Once the time for the twist arrives, the revelation of it takes center stage, and this is also how things can get broken.  Revelations of this nature often fall back on words, lots and lots of words.  Explaining how the twist came to be and what led to it can take a lot of time and words, which can break the action of a story, especially at that climactic moment.  Breaking the action can hurt even a well crafted story, and wordy revelations can do it.

A good way to help alleviate that is to again, take advantage of the visual aspect of comics.  Let the pictures tell the revelation, and with enough planning and set up can help a lot.  Especially if clues are set into the story, flashing back to those moments can also do the trick.

Another option is the flashback.  Again, break in the action, but there are ways around it.  Spreading out the flashback throughout the story can act as both a set of twist clues and a set up for the revelation at the end very easily.

The big thing here is don't over explain things.  Keep it short and sweet, odds are most people will get it quickly enough not to need panels of dialog to explain things.  If there are extra things that must be explained, save them for after the climax and it should do alright.

Twists are fairly common, so don't be surprised if someone calls out the twist well before it shows up.  This brings me to another important element:  Leave room to change the twist.  If it becomes TOO obvious what the twist is, change it, or even use it as bait to set up the real twist to the story.  Leave just enough wiggle room that there is more than one answer to the puzzle and changing things to fit the new situation or simply to bluff the readers can keep even the most cliche of twists from becoming boring.

Well, that's enough for today.  Next time kiddies. 

Sunday, May 15, 2011

Wild Webcomic Reviews 141 - 144

God damn it, the wrong date got put in the scheduler, this should have been up Friday.  Blah.

Ah, spring, time for doing things outside, and not writing something new for the blog.  Heh.  Anyway, today is a shorter batch than normal because I'm tired of putting the extra dates in.  It'll switch back later as I get back to 200 and the start of this blog, but for this week, I've just got 4 comics.

May 21, 2007

141. REVVelations - Dystopias are always so dramatic and cliche. At least this one has lots of cars and a humpback. Starts with a car chase, a pirate television news program and something about meatloaf. Something HORRIBLE about meatloaf (apparently it's worse than being made from people). I can't really say I like it, the style just rubs me wrong for some reason. I don't hate it, now, it's not an abomination, it's just not my thing.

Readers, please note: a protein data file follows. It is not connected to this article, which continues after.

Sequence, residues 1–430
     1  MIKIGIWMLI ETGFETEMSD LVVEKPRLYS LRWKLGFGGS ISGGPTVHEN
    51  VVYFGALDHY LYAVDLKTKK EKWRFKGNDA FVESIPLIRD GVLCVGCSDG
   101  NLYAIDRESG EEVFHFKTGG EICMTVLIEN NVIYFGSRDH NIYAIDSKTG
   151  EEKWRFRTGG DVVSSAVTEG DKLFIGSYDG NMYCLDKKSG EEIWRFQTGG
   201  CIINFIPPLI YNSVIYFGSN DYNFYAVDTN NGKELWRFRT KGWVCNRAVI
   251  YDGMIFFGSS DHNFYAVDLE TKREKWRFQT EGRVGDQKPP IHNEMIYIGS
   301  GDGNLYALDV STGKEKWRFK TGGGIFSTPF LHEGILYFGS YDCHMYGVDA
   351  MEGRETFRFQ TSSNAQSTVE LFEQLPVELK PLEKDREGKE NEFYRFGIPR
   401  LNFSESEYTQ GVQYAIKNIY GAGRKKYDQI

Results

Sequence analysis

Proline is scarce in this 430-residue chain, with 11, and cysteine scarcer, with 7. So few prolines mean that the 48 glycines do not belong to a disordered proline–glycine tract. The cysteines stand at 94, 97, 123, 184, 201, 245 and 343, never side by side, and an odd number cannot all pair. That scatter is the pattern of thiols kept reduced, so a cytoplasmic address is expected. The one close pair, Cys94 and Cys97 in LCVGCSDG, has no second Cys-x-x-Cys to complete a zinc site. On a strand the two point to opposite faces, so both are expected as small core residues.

TODAY - Apparently it still updates.  I don't follow it, so I can't tell you if it's any good or not, but it's still alive, so that's positive.

142. Hockey Zombie - What's more funny than a comic about zombies? How about one about a hockey playing zombie, who is sentient (sort of). This comic is sort of, kind of dead (but not really) but the archieves are certianly worth a laugh. The riffs on the Zombie Survival Guide are great fun.

TODAY - Dead and gone.  The link leads no where.  Kind of a shame as it was a fun little comic.

143. Hazard Pay - It reminds me of something I would write. Seriously, it reads like I wrote the damn thing, which just tickles me pink. I could like it for that reason alone, but it's also well drawn, has an interesting storyline that's really only just started going and is just well written. Like something I would write. It's good, trust me on this.

TODAY - The last news post promises they're coming back.  It was written in February of 2010.  I wish it had kept going, but it was not to be.

144. Bunny - The Bunny doesn't understand why you aren't already reading this comic. This makes the Orange Bunny very angry. You don't want to make the Orange Bunny angry. Just don't do it.

TODAY - It managed to keep up being odd for sometime, then it slowed to a crawl and at the end of February it froze solid.  Is it dead forever?  I have no idea. I keep checking and hoping it comes back, but I'm not crossing my fingers on it.

The most active comic in this batch is one I don't read.  Weird.  Maybe I'll have something for you next week, until then kiddies.

Friday, May 6, 2011

I still can't get this one to gel

Seriously, I've been trying to write a thing about heroes and villains as part of the character series of articles and it just isn't coming together the way I want.

And I've been distracted by Civ 4, again.

I wanted to cover the idea of conflict between the two, as well as their opposites (the honorable villain and anti-hero) and how they function.  It shouldn't be this hard, these are classic interactions, but finding my voice for it is proving hard.  And distractions haven't helped either.

Perhaps the reason is that the idea of a hero and villain doesn't actually fit with everything I've talked about up to now.  In a way, being labeled a hero or villain is one of the biggest sterotypes there is, restricting them to a kind of script that everyone expects them to follow.  They aren't their own characters any more once they are given that title.  Not to say it can't work if they simply take the title and run with it, even if it doesn't completely fit who they are.

Fact is, the hero/villain dynamic shouldn't be the main thing that defines a group of characters.  Letting the characters define themselves is more important, and if some take to thinking of them as heroes or villains, well, at least the reader made that judgment, not the author/artist.

I could probably go on, but I don't think I can make it any more plain than that.  Next time, probably an old review.  Later kids.